From the University of Calgary:
The University of Calgary has received a US$1,499,960 (C$1,967,391) grant from The Andrew W. Mellon Foundation for a three-year media migration and digitization project focusing on the EMI Music Canada Archive, entitled Renewing Access to Culturally Significant Audiovisual Recordings.
The EMI Music Canada Archive, a donation to the university from Universal Music Canada, consists of approximately 5,500 boxes documenting the complete history of EMI Music Canada and associated music labels from 1949 to 2012. Included are over 40,0000 audio and video recordings in more than 40 different formats, ranging from master recordings and production masters to rare demo tapes.
EMI Music Canada was the record label that represented many of the top artists of the second half of the 20th century, recording or distributing work by a range of Canadian artists and major international acts. Capitol Records Canada, under EMI Music Canada, was the first label to release The Beatles and Pink Floyd in North America.
“The EMI Music Canada Archive is one of the most culturally significant collections of the last century to be acquired by a research library,” explained Vice-Provost and University Librarian Tom Hickerson, principal investigator of the project. “It’s tremendously exciting that now this cultural treasure will be digitized and made accessible.”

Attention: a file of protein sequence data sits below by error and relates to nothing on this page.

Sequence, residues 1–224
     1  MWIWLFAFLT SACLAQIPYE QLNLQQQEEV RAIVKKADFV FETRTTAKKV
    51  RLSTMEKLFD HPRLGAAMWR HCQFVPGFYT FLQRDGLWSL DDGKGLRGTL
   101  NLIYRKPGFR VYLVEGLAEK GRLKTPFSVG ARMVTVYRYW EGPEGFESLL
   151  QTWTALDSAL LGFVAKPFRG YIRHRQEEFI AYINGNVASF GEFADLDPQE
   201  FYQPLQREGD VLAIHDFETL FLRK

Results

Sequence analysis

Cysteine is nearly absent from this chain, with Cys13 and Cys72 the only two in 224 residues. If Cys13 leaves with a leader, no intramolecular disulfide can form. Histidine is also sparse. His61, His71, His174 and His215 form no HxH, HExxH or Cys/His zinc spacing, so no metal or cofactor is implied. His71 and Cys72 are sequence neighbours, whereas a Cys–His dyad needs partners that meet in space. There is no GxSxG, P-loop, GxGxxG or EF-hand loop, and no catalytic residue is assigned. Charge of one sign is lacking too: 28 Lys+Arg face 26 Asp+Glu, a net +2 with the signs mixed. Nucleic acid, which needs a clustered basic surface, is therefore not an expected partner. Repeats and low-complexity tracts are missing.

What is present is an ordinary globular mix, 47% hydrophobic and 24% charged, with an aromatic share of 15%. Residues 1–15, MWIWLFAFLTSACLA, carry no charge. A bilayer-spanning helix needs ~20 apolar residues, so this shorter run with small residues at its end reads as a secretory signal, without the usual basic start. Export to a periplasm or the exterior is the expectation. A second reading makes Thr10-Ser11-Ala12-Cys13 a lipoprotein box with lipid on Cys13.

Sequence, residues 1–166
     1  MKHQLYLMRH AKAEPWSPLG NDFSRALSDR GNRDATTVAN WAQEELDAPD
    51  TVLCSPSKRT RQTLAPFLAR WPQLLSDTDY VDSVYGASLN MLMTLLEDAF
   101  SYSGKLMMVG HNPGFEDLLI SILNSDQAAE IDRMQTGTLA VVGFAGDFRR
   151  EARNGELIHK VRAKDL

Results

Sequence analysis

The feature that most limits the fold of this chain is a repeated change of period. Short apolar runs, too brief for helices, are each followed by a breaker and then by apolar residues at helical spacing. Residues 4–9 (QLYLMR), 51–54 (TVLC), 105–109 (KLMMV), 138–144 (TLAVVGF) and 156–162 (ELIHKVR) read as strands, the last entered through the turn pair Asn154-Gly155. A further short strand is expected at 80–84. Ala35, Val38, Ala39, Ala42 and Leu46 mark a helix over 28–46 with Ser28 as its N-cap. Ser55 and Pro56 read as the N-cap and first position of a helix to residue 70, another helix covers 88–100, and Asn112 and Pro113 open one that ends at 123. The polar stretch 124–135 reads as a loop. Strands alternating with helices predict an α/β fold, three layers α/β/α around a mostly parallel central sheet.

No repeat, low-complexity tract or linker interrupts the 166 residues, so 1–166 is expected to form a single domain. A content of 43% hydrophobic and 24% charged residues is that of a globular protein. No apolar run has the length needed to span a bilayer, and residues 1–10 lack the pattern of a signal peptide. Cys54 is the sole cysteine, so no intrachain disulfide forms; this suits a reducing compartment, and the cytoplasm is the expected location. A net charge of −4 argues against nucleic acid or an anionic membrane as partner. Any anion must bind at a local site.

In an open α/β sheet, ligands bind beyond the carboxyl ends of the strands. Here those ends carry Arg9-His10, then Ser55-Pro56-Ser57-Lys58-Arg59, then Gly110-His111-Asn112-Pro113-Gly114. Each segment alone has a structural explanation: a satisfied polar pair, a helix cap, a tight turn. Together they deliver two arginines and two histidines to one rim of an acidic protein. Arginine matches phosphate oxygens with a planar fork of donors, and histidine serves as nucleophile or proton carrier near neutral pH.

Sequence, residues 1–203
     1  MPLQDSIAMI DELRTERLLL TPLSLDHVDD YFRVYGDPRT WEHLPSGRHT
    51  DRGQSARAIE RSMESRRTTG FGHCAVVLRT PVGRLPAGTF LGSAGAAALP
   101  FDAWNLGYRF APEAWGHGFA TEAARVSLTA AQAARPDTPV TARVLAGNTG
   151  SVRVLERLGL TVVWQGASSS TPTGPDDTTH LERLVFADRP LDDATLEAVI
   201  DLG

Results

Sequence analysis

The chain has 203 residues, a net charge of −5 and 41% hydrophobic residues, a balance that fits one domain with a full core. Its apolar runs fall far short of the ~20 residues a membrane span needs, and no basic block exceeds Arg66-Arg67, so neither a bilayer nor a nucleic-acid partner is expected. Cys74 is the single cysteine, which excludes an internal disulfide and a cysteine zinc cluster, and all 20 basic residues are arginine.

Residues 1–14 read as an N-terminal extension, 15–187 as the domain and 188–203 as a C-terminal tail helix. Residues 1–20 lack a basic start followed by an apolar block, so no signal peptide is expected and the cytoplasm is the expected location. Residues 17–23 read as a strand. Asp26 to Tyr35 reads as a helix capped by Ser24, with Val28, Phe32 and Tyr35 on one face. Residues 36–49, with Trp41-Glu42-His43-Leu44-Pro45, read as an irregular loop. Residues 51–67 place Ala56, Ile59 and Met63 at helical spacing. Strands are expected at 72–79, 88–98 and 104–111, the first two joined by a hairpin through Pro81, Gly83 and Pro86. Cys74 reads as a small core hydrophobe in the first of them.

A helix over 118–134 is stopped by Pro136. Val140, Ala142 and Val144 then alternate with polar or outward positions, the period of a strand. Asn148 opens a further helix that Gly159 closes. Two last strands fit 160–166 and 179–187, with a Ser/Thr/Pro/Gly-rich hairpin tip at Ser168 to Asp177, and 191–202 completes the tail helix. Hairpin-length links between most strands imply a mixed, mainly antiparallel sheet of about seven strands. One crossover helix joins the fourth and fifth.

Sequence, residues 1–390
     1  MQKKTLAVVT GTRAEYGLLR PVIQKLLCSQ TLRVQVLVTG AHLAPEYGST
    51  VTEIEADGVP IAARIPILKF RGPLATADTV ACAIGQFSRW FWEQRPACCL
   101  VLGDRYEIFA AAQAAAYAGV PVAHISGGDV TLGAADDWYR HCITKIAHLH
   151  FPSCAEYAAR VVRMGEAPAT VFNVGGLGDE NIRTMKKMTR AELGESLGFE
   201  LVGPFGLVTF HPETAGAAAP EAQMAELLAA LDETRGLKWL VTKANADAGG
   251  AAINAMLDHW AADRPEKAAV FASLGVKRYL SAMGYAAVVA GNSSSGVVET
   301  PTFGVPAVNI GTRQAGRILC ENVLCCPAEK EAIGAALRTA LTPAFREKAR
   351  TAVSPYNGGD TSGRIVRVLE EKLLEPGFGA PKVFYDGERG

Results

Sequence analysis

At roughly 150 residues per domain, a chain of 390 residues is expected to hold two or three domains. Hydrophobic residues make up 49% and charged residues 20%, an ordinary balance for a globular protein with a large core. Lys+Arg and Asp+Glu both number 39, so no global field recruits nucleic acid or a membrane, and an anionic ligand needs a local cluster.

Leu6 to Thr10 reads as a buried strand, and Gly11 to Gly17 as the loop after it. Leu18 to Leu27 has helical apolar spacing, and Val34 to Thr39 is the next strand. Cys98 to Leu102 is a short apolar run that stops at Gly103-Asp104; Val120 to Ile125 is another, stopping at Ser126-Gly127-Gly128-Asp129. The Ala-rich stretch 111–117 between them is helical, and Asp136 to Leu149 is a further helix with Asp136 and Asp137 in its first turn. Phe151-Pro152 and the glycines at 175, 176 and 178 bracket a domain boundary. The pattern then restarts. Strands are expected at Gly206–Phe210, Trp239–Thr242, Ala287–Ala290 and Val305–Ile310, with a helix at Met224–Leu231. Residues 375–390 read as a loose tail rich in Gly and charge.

Last year, a planning project — also supported by The Andrew W. Mellon Foundation — identified requirements critical to the development of digital migration and preservation management. Libraries and Cultural Resources created a reformatting lab in the Taylor Family Digital Library to initiate this research.
“The technological challenges are complex, but at the conclusion of this project, all of the EMI Music Canada audio recordings and a substantial portion of video recordings will be converted — extending their accessibility into the future,” said Annie Murray, associate university librarian for Archives and Special Collections and project co-investigator.
“Because the scale of the conversion and preservation problem is massive, and because much of the audiovisual record is commercially produced, it is essential for libraries and archives to form productive partnerships, especially with commercial recording companies,” said Donald J. Waters, senior program officer at The Andrew W. Mellon Foundation.
Read the Complete Announcement